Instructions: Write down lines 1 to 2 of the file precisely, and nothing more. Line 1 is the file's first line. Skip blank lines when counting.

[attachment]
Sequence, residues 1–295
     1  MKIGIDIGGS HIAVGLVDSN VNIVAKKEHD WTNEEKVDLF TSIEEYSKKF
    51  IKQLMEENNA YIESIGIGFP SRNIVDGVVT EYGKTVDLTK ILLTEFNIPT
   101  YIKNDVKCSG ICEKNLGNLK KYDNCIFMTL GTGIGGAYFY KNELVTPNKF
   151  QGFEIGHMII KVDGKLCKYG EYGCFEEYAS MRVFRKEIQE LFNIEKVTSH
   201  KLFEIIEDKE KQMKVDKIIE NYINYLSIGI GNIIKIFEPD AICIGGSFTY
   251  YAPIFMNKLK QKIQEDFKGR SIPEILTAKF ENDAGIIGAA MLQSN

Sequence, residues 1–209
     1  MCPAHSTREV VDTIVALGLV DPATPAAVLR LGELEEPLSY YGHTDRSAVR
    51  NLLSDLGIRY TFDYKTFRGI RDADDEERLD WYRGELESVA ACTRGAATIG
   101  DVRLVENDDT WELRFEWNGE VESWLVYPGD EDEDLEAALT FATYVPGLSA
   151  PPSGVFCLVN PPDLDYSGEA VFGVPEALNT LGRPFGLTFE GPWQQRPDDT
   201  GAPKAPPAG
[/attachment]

Sequence, residues 1–295
     1  MKIGIDIGGS HIAVGLVDSN VNIVAKKEHD WTNEEKVDLF TSIEEYSKKF